As I write this piece, summer is slowly turning into fall, the leaves are just starting to change their colors, and Congress has come back to work from its summer recess. Comprehensive Immigration Reform (“CIR”) is only slightly closer to reality than it was since the U.S. Senate passed a marked-up and amended version of the Gang of Eight’s Border Security, Economic Opportunity, and Immigration Modernization Act. The House of Representatives continues to take baby-steps toward a piecemeal approach at CIR. We’ll see what happens there.
So, instead of focusing on what’s going on in Washington, D.C. in terms of CIR, I thought it might be interesting to take a different approach for this month’s article. That is, what’s been going on at the state level on the immigration front?
The National Conference of State Legislatures (“NCSL”) recently reported that “[a]s of June 30, 2013, state legislatures had already exceeded the number of laws and resolutions enacted in all of 2012. In the first half of 2013, lawmakers in 43 states and the District of Columbia enacted 146 laws and 231 resolutions related to immigration, for a total of 377. This is an 83 percent increase from the 206 laws and resolutions enacted in the first half of 2012.”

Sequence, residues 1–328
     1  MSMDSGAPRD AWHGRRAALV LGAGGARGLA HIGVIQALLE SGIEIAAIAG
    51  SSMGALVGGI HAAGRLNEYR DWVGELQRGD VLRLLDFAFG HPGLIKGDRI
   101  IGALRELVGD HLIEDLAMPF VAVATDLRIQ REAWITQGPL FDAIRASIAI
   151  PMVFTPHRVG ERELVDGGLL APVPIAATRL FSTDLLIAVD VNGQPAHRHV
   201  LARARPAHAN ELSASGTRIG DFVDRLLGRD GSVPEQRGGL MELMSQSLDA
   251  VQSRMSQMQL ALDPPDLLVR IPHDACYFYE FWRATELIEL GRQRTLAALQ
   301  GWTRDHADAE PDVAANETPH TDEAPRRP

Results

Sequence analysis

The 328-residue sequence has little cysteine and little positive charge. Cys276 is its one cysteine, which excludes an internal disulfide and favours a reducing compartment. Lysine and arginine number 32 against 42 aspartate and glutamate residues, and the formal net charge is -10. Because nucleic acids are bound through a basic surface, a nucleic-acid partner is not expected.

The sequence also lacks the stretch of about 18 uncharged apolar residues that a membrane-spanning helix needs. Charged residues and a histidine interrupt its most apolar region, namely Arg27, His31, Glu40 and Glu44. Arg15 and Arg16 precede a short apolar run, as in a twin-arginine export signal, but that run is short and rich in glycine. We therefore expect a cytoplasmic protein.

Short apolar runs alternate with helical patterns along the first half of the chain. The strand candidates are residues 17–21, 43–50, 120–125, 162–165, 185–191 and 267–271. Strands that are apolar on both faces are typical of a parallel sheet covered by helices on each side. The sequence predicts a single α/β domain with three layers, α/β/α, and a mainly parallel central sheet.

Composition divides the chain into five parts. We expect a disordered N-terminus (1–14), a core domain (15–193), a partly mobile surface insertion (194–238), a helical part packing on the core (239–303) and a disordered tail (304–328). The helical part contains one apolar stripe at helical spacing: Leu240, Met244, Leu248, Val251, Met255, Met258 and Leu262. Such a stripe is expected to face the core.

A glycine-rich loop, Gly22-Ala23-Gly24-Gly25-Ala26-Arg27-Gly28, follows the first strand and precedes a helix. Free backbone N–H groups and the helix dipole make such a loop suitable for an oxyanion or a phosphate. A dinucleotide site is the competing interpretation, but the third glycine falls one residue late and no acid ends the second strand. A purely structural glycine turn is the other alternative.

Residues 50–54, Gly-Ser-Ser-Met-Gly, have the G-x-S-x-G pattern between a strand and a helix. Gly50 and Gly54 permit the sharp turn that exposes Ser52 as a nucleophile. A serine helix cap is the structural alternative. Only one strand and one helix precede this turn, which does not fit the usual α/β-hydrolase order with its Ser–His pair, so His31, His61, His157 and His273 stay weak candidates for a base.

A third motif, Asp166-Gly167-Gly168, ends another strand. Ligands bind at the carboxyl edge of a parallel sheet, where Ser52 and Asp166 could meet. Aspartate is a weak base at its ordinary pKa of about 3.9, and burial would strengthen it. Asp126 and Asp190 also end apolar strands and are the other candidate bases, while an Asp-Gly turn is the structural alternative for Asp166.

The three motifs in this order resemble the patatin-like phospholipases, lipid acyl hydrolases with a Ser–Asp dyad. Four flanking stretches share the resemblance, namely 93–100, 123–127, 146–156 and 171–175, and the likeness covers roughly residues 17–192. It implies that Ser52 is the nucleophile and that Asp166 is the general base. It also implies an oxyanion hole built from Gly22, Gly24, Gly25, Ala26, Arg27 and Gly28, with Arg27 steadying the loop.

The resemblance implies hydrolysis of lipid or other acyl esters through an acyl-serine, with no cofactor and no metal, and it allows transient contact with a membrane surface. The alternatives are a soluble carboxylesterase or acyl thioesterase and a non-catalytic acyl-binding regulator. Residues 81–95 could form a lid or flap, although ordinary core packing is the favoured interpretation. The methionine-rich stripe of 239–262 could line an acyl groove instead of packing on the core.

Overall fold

The issues touched upon nationwide have been expansive: education, employment, health, human trafficking, ID’s and driver’s licenses, law enforcement and public benefits, to name just a few.
I started out this column noting that our immigration system is badly broken at the federal level. The fact that the states, therefore, have responded by passing their own patchwork of laws attempting to regulate immigration, typically considered to be within the exclusive jurisdiction of the federal government, makes the situation even worse.
The reason for this uptick in state-sponsored immigration legislation is reported to be two-fold. First, in 2012, states seemed to wait for the outcome of the U.S. Supreme Court decision in Arizona v. United States. On June 25, 2012, the Supreme Court overturned three of four provisions in Arizona’s S.B.1070 regarding that states authority in immigration enforcement.
Second, just a couple of few weeks earlier than the Supreme Court’s decision, the Obama Administration issued a new policy on deferred action for childhood arrivals (commonly known as “DACA”). On June 15, 2012, then-Secretary of Homeland Security Janet Napolitano announced that certain people who came to the United States as children and who meet several key guidelines could request consideration of deferred action for a period of two (2) years, subject to renewal, and could also be eligible for work authorization. Deferred action is a discretionary determination by the Department of Homeland Security (“DHS”) to defer the removal action of an individual as an act of prosecutorial discretion. Deferred action does not, however, provide an individual with lawful status.